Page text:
More on Intermediaries and Funders (Including from Critics and Fans)
Last week’s column was, unsurprisingly, controversial. What’s the debate about?
Welcome to Second Rough Draft, a newsletter about journalism in our time, how it (often its business) is evolving, and the challenges it faces.
Last week’s edition of this column, about what I see as the imbalance in giving to intermediaries as opposed to nonprofit news organizations by institutional funders, sparked quite a number of interesting responses. If you haven’t read the column, you may want to do so before finishing this one, as I want to use this week’s edition to address those responses. I’m doing this because I promised on Twitter to answer critics, and because I think regular readers are entitled to know what others thought, pro and con. This week’s Second Rough Draft is publishing a few days early to avoid getting swamped in post-election hot takes.
Broadly speaking, most reactions fell into two categories—public criticism and private support. I want to tell you about both, but, as this is my newsletter, I’ll start with the support. What’s especially noteworthy was that it was, as I say, mostly private, because some people are afraid of offending the very intermediaries who purport to represent them, as well as the funders deciding to give those intermediaries so much money. Good people talk about the power imbalance in philanthropy, but some of those same people are blind to the fear it engenders.
Some people applauded, softly
One funder wrote, “I expect you are catching some heat for your piece. Please know that there are those of us who appreciate your speaking truth to power. Funders and the industry need to talk about this out loud, not in whispered conversations.” The note concluded, “keep doing what you’re doing!” Another funder’s message: “Hallelujah.”
A nonprofit executive said “we’re all talking about your ballsy column,” and were “admiring you for saying the quiet part out loud.” I appreciated that, even if it was being said quietly, as were more notes, a number from people I have never met. One of those said, “I appreciated the column and I imagine a ton of folks at smaller nonprofits will be loudly shouting ‘amen!’” They continued, “so many grants given to these organizations don’t really trickle down in any noticeable way.” When I asked if this person wanted to leave a comment, the response was “I’d happily post anonymously, but I wouldn’t want to risk injury to my organization for being ‘that ungrateful [person].’” Someone long involved with a leading intermediary expressed the same frustration about “how much money doesn’t trickle down much to publishers.”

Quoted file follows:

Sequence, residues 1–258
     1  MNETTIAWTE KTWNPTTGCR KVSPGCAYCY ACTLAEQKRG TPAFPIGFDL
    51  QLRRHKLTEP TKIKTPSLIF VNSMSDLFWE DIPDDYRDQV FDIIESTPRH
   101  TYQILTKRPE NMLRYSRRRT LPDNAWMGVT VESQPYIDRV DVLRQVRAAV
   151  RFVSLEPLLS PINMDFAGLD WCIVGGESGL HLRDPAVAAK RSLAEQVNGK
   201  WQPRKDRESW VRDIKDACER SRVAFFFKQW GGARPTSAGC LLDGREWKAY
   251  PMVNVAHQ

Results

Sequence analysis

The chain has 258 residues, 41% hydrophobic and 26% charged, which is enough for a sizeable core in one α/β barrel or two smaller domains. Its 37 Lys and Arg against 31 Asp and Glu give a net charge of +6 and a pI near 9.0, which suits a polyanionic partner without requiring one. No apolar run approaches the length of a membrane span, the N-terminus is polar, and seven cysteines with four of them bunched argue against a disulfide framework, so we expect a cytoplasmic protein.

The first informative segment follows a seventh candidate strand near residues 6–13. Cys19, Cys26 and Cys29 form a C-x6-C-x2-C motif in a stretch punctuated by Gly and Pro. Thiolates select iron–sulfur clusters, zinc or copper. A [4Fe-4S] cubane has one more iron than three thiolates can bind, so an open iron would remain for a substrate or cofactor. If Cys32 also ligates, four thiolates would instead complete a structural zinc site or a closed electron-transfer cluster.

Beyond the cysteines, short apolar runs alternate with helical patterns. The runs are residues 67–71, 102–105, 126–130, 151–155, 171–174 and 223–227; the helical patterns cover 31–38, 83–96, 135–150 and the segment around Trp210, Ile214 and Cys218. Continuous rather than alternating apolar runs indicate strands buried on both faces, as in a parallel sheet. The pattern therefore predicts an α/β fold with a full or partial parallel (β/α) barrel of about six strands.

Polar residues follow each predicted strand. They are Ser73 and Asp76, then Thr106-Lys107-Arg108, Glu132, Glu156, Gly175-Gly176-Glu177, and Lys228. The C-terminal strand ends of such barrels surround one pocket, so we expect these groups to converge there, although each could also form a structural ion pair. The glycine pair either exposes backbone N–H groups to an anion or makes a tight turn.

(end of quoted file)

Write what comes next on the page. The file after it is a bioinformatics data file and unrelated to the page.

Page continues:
Another nonprofit leader wrote that, “I just applauded today’s newsletter. I’ve already gotten two emails about it from colleagues.” They added that “I couldn’t believe so much money was being sent [to the intermediaries] particularly under the guise of serving publishers of color. I thought that last point was shocking and if I’m being honest disingenuous. As one of my colleagues from another newsroom wrote to me this morning, ‘I’m glad Dick is saying the things none of us can say out loud.’” About half of my private correspondents, by the way, were people of color.
Another nonprofit veteran wrote, “it’s great to be the flavor of the month. But in the nonprofit arena, we all know that doesn’t last. So kudos for drawing attention to this. It’s long overdue.” More than one correspondent observed that the work of various intermediaries seems to be increasingly overlapping as they grow. Yet another nonprofit leader said, “Someone needed to say this.” They added, “there are only so many webinars and Slack channels and various other similar things that one can take part in—and many of these organizations are focused on this stuff. Actual funding for local journalism seems to me to be more important.”
And now for the critics
Not everyone was happy, of course. Tweet threads of criticism came from a number of people employed by intermediaries, as well as one from a funder with Facebook, and some people at nonprofit newsrooms concurred. A few of the criticisms were ad hominem, but I want to try now to grapple with the substantive disagreements, the vast majority of which were expressed civilly and intelligently. Here are the points I saw made, and some responses:
We need more investment not in nonprofit local newsrooms, but in for-profits.